Energy company fined for leaving customers on life support without power

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One of Australia’s biggest power suppliers has been fined $60,000 by the energy regulator for allegedly cutting power to customers on life support, without warning.

Energex, the company responsible for electricity distribution in south-east Queensland, was penalised by the Australian Energy Regulator (AER) for leaving households with life support equipment unexpectedly without power on three separate occasions.

Energex has paid the penalties for the alleged breaches of the life support protections under the National Energy Retail Rules, which require customers registered as requiring life support equipment to receive written notice of at least four business days of a planned interruption to electricity supply.

“Protecting customers requiring life support equipment is an absolute priority for the AER. Customers on life support equipment are particularly vulnerable as any unexpected loss of supply can have dangerous, even fatal, consequences,” said AER chair Paula Conboy.

“It is imperative that these customers receive advanced notice of any planned interruption to their energy supply, as it reduces the risk of harm and allows customers to make alternate arrangements. Whenever we see evidence of distributors failing to comply with these important obligations, we will take appropriate action.”

Energex, which supplies almost 1.4 million homes and businesses across south-east Queensland, currently has an administrative undertaking with the AER which it provided in May 2017. As part of this undertaking, Energex has committed to improving its systems and processes for managing its life support obligations.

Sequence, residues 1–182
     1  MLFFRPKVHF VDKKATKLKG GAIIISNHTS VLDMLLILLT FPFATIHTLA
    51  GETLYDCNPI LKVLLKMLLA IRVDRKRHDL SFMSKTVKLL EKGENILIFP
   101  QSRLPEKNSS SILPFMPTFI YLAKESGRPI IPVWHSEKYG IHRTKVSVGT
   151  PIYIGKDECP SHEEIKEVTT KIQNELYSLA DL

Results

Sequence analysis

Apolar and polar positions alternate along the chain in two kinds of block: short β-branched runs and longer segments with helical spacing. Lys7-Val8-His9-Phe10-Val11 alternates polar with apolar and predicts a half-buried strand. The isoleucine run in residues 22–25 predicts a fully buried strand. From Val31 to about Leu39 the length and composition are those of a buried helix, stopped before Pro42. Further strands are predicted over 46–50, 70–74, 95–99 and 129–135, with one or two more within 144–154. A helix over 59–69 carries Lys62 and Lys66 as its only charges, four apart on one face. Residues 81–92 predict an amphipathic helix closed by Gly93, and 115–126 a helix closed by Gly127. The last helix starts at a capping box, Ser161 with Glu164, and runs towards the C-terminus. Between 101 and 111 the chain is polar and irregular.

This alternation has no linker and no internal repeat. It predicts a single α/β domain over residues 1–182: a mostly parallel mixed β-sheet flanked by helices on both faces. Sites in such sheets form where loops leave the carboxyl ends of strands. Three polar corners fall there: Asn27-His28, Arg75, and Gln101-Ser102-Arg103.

The payment of a penalty specified in an infringement notice is not an admission of a contravention of the Retail Rules. The AER can issue an infringement notice where it has reason to believe that a business has contravened a civil penalty provision of the Rules.

What protection is there for life support customers?

The National Energy Retail Law and Retail Rules – which apply in New South Wales, the Australian Capital Territory, Queensland, South Australia and Tasmania – set out key protections and obligations for energy customers requiring life support equipment and the retail and distribution businesses they buy their energy from.

The Retail Rules require that when a household is registered as having life support equipment, customers are required to be given:

  • general advice that there may be a planned or unplanned interruption to the supply,
  • information to assist them prepare a plan of action in the case of an unplanned interruption,
  • an emergency telephone number for the distributor at no more than the cost of a local call, and
  • at least four business day’s written notice of any planned interruption.

To be eligible for these protections, customers must provide their energy retailer or distributor with confirmation from a registered medical practitioner that a person residing at the customer’s premises requires life support equipment.

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